Miriam was the whore of the class, and Idris had a thing for class whores. The girl who had been given that label in his class had been his girlfriend for almost two months, but they had broken up when they both got tired. He liked promiscuity in girls because it was so much more fun for him. He wasn’t a forceful person, he wasn’t a bad person. He liked what he liked, and there was nothing wrong with that.

And he liked Miriam, which was wrong, but he would not know that until almost thirty years later, when his fourteen year old daughter would spend the night with her eighteen year old boyfriend that he didn’t know she had. Then, he would remember Miriam, like a ghost haunting his memories. He would remember how she was just a little girl—barely thirteen, when he did the most despicable thing he had ever done in his life. He would put his head in his hands, for a moment, and pray to forget it. Pray to erase the memory of seeing her face all those years later on the internet. Pray to end the guilt. The next day he would have forgiven himself, and moved on to punishing his daughter because, unlike what Idris constantly told himself, he was a bad person. He was the worst kind.

Miriam was the whore of the school. Yes, in her fourth year she had earned that title, such an honor for someone so young. She didn’t understand what was happening, or why, or how it could be happening to her. Did these people even see her as a human being? Or as some news headline to pass around in their free time or when they weren’t listening in class? She would walk through the halls of the school, sit through the classes, and listen to the whole world tell her how evil she was, how despicable, because she had slept with Idris the year before. They all used the word “sex”, and even when the memory of the rape kept bouncing through her head like a rogue tennis ball, she didn’t make efforts to tell them the truth. If it was truth they wanted, they wouldn’t have let it go this far in the first place.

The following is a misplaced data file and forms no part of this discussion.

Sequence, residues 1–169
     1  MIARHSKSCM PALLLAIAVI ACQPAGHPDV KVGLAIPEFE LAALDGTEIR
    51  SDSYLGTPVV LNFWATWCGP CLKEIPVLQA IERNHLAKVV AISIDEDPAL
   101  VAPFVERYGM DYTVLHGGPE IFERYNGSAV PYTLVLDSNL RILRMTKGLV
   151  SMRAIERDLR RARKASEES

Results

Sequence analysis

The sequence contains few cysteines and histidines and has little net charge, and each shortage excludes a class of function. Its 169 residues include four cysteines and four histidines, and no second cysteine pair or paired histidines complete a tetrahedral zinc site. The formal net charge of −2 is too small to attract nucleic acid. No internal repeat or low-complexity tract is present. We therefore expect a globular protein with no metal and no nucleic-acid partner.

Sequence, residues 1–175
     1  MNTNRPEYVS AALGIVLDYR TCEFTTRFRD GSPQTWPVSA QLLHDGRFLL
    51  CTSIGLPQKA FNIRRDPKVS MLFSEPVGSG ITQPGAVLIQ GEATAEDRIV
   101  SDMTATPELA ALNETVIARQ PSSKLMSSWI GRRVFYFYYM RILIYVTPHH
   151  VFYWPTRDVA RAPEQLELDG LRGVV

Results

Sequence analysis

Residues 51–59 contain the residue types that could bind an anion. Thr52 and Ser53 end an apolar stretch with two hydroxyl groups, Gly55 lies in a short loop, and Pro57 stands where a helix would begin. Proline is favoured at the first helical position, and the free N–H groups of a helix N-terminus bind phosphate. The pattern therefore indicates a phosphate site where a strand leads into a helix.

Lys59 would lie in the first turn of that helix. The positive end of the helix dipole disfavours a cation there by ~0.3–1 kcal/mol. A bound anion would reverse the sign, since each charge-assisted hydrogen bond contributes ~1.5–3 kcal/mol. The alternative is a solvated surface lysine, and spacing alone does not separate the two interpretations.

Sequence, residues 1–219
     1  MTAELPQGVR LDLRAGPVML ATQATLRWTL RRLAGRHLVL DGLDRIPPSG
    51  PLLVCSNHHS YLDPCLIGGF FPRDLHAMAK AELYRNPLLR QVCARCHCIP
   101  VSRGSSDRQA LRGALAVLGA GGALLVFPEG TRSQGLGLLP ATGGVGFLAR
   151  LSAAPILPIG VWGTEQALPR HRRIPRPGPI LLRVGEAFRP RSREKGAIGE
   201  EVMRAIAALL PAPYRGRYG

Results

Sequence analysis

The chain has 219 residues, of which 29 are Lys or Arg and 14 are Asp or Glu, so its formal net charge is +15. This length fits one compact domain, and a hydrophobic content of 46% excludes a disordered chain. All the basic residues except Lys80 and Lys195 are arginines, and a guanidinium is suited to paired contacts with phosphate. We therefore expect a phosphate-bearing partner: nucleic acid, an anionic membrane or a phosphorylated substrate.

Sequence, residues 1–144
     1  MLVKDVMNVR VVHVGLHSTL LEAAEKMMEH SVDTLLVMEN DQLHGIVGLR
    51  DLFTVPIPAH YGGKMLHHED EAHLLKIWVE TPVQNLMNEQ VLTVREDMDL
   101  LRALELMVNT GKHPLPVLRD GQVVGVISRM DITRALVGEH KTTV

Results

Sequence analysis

And the school didn’t know that their complacence, their acceptance of the terrors that were haunting this little girl, would pave the way to what would be her demise. The school, with all its morals and ideals written in permanent ink on every brochure and flyer, created the end of this girl. They saw the cracks in her walls and made no effort to mend them, and when they crashed and fell over they weren’t there to pick her up from underneath the rubble.

Miriam was the whore of the school, the teachers had heard. And it was a big school too, so that was a serious allegation. But considering the only “serious allegations” the school took seriously were homosexuality and atheism, they all turned away from the “childish rumor-mongering” of their students without much thought. All, except one man: Mr. Charles Adeyemi. Mr. Adeyemi was the chemistry teacher, and he had been teaching Miriam for almost two years now. She was smart, and serious, and her breasts were full and her waist was tiny. But best of all, she was lonely. Of what he had planned to do, he knew that she would not have a friend to fall back on. He knew she was the perfect victim.